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Sunday, November 29, 2015

Review: Code Name: S.T.E.A.M.

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When Code Name S.T.E.A.M. was first announced, I was very interested by it- I believed that the mechanics were neat, the art style was inspired, and the entire thing felt too ridiculous to go wrong. Unfortunately, the world did not agree, and Steam (abbreviated for the writer's convenience) was not received particularly well and sold few copies. This came as a legitimate surprise to me, as I had played the demo and enjoyed the experience quite a bit. However, the lukewarm reception caused me to rethink and hold off on a purchase.

Getting the game for a lower price is always nice, but having to write a late review about a game you have become quite fond of is not.


-Ridiculously bizarre and awesome concept that ends up having truly enjoyable moments, like Abraham Lincoln piloting a giant mech.

-Solid gameplay mechanics that mature as the game continues, introducing new folds to the base mechanics and revising your squad approach.

-Forgiving and inventive currency system encourages a variety of play styles.


-Enemy Overwatch is sometimes extremely punishing.

-Definitely not a game for everyone.


Steam is a game about literary characters fighting Lovecraftian aliens using steam-powered weaponry. It is also an active-turn-based strategy game which allows the player freedom of exploration and resource management on a number of levels, resulting in an experience maybe not totally unfamiliar to those who have played XCOM, but also unique enough to warrant a look.

I have heard many complaints that Steam is either too hard or not actually a strategy game, which I disagree with. The save system does a great deal to negate the damage done during enemy turns, which have been shortened significantly by a patch that doubles or triples their speed. While it might seem like the cost is very high, currency is something that continues to accrue and only hurts your performance if you want to unlock more weapons or compete via Streetpass. They can serve as a means of perfecting one's performance as well as a buffer for those who haven't quite grasped the combat yet. One thing is for certain, they exist for a reason, so don't hesitate to utilize them.

The strategy of the game comes more from resource management than it does "traditional" strategy, where holing up and waiting for the enemy to come to you is not always the most effective measure and sometimes puts you right in the thick of things as enemy reinforcements arrive. Clearing and moving forward is a major part of Steam but it is also balanced between turns, not just when you have control of your team. Overwatch is an essential aspect of the game in that it can royally mess you up when you hold off an offensive as well as bolstering your defense at home. As Steam introduces new weapon and boiler types, you start to see how perhaps the uphill struggle earlier in the game was a necessity, as your team becomes more fleshed out, they are better suited to a number of situations that maybe the original team was not. This makes replaying earlier stages much more enjoyable, and the added challenges the game throws at you also help fine-tune your management skills. There was a particular level shown off when the game was first being demoed that featured a prime sniping spot, something you can only really appreciate once you have added a character with that ability to your team.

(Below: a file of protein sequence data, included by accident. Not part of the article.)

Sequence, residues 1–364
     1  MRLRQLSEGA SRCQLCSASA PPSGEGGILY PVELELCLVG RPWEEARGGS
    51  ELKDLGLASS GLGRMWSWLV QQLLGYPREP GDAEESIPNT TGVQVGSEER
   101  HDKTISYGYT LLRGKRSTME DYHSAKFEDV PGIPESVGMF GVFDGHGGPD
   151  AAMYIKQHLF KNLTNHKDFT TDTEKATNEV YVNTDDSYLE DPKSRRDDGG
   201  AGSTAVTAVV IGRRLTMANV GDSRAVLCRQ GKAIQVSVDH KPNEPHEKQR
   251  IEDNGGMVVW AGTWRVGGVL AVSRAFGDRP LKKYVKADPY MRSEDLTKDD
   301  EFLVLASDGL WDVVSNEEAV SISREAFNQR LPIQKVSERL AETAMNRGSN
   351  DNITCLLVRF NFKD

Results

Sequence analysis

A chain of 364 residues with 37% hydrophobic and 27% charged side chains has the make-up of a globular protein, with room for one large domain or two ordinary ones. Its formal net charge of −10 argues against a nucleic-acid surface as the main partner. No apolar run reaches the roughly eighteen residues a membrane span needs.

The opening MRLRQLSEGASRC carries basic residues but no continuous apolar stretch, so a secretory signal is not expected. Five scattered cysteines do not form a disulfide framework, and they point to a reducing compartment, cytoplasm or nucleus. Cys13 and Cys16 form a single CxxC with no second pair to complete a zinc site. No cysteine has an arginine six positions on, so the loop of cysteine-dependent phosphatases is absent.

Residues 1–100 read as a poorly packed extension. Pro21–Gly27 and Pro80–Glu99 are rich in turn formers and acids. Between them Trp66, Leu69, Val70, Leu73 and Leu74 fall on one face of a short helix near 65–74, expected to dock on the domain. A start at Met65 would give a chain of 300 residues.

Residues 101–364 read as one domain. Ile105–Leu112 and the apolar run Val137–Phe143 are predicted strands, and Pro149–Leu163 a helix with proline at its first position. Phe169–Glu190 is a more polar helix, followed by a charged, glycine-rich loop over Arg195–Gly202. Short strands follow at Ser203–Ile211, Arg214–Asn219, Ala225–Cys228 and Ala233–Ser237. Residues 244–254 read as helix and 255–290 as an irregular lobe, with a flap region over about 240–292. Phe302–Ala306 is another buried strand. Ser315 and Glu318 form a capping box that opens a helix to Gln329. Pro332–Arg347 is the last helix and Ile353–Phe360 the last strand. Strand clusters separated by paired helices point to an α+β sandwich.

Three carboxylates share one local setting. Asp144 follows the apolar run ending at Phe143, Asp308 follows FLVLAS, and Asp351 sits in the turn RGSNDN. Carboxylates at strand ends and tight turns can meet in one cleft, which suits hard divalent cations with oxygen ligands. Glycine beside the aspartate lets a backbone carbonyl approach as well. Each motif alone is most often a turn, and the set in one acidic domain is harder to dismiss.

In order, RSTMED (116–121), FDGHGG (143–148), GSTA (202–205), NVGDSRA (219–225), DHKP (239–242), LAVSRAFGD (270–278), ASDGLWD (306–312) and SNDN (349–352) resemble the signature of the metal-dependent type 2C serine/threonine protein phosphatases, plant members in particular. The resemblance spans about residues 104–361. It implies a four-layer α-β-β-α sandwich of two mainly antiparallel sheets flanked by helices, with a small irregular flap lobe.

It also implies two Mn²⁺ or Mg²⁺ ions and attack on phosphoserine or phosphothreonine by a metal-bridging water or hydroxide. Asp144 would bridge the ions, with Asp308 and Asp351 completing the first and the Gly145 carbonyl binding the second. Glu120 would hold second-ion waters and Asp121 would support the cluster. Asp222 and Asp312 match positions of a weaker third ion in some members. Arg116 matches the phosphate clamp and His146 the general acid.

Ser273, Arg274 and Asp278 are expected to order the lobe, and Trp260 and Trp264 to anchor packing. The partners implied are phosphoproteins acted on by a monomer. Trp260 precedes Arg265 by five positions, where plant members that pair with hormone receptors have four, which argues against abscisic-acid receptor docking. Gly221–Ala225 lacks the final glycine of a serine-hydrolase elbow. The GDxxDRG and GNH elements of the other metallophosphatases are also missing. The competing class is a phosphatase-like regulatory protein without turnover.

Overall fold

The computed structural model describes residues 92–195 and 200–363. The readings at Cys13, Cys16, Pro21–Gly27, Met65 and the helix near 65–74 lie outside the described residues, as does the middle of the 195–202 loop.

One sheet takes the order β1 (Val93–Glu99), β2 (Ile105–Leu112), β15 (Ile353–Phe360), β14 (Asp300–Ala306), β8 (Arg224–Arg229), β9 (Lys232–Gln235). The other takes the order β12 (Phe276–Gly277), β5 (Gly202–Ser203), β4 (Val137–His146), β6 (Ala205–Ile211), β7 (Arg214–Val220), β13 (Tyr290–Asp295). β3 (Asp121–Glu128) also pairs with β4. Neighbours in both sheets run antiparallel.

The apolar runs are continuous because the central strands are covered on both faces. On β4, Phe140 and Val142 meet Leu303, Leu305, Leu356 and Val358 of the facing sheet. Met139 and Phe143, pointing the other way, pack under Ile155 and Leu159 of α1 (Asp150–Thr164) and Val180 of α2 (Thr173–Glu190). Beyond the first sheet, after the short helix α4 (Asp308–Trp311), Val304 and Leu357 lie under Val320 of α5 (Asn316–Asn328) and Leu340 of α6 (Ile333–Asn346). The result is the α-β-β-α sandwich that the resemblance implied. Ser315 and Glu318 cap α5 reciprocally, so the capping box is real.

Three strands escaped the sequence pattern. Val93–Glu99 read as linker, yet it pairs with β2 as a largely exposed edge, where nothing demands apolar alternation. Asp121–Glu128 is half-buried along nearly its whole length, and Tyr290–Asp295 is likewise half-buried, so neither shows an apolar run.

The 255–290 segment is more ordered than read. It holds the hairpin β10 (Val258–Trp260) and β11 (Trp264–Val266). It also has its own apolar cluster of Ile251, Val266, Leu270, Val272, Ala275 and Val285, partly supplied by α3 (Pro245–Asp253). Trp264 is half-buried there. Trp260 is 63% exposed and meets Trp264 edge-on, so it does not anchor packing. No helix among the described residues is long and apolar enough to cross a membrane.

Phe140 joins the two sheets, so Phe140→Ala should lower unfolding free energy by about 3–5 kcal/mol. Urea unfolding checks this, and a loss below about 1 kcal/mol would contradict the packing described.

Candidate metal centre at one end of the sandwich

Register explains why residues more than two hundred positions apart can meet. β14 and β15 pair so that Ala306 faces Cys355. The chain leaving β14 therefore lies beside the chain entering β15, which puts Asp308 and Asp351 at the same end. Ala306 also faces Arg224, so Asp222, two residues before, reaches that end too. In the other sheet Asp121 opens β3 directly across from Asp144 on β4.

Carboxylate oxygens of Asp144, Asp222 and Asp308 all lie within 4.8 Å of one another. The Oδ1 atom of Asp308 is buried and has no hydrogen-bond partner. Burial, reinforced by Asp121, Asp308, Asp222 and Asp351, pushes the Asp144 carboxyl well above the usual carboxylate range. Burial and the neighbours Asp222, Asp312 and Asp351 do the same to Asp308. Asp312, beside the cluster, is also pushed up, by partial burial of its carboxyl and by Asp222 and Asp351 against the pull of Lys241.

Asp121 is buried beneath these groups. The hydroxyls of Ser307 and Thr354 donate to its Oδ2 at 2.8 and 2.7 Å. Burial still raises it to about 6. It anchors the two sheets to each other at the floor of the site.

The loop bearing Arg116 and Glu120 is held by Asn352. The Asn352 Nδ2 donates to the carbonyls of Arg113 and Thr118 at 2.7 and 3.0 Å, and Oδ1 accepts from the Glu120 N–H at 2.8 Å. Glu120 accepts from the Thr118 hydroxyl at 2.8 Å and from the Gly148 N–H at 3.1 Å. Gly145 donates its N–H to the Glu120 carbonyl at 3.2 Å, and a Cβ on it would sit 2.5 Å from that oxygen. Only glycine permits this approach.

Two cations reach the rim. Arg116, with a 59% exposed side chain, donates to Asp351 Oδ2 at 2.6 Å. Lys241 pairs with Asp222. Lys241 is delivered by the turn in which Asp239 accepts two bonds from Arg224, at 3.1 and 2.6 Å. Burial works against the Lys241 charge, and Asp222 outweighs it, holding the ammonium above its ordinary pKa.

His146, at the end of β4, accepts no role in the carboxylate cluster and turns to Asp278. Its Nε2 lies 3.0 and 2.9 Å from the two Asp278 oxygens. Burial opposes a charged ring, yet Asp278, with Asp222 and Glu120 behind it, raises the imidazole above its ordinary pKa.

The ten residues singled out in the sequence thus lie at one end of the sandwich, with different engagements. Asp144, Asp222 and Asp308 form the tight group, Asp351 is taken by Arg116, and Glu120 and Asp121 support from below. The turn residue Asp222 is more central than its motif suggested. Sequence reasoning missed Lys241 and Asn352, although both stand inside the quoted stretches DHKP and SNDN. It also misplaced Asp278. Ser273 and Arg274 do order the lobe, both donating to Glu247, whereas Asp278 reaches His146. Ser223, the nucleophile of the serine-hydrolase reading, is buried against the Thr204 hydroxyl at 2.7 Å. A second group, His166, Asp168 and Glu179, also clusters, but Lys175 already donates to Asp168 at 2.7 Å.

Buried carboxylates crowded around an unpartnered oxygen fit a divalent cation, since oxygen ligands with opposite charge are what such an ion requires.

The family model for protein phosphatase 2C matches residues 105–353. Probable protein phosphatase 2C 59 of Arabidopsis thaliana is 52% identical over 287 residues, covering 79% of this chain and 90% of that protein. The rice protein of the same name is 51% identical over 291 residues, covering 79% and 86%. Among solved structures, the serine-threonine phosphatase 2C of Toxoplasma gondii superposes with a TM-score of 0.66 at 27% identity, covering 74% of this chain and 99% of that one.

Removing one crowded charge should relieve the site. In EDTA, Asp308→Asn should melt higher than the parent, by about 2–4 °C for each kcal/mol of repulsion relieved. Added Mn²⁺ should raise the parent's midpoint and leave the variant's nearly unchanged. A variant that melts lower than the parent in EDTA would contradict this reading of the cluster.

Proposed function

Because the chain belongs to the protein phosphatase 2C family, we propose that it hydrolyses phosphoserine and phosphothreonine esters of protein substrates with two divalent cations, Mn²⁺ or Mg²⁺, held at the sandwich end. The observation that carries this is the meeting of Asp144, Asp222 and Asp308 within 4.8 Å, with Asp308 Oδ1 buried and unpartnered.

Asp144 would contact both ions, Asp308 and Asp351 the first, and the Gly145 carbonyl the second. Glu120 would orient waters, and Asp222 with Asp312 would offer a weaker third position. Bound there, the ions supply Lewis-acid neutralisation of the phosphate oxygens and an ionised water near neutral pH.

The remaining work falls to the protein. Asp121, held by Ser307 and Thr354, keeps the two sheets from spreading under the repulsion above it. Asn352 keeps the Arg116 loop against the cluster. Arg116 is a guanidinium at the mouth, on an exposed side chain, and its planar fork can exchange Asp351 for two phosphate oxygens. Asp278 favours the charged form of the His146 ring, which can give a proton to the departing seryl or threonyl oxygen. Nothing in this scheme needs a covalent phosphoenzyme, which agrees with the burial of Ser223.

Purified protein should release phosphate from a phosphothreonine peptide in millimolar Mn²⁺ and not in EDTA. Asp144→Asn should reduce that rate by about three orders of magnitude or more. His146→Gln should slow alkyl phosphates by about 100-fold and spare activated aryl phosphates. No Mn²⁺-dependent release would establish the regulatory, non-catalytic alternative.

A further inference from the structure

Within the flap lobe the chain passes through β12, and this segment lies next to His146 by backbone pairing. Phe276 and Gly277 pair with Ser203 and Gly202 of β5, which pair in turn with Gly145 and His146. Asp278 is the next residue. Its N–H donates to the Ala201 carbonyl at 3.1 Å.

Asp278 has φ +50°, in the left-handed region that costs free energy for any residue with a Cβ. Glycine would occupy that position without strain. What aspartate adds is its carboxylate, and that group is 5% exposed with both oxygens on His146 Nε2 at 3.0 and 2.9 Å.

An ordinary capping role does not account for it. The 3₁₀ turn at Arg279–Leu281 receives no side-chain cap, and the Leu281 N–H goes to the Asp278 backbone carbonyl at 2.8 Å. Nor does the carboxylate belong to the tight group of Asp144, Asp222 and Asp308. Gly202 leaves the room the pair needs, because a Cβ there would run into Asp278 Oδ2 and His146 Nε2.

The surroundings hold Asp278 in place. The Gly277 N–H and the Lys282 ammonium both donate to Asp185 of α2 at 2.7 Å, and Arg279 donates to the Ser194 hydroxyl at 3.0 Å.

Are there rough spots? Sure. The difficulty is high and environmental support and hazards are key- this is not a static strategy title by any means. Sometimes aiming for weak points becomes an intense game of reading enemy animations, as you can miss a shot if you wait too long. Early game levels with enemies that can stun or Overwatch easily might be a bit off-putting to some, and the lack of a proper overhead view might cause strategy fans to scoff. But each level does feature an introduction that pans through a map, and you might be pleasantly surprised by the ability to explore and bypass areas on your own. In addition, its management aspects become even more evident online, where you'll face off against others that may have some nasty tricks up their sleeves.

What Steam excels in is its constant pressure and absurdity. You will have to think about where you units can move next in reaction to the constant slew of enemy types and how they function, as well as dealing with large bosses, saving civilians, and defending areas. Plus, you get to beat up huge monsters in a train robot, with drills. And there's Califia toting a ROCKET LAUNCHER, and freaking Queequeg! It's a love letter to strange literary characters, turn-based goodness, and rocking music. I enjoyed it much more than I expected, and I already thought it was going to be great.

Verdict: A game as odd and unique as Code Name S.T.E.A.M. is something to be celebrated, especially from Nintendo and Intelligent Systems. A solid combat system that is a very different but welcome addition to strategy games out there, with plenty of oddities to be found, from its colorful cast of characters and their special moves, to the depth behind saving and spending steam. If you want to experience something a little different from what is on 3DS, I highly recommend it.

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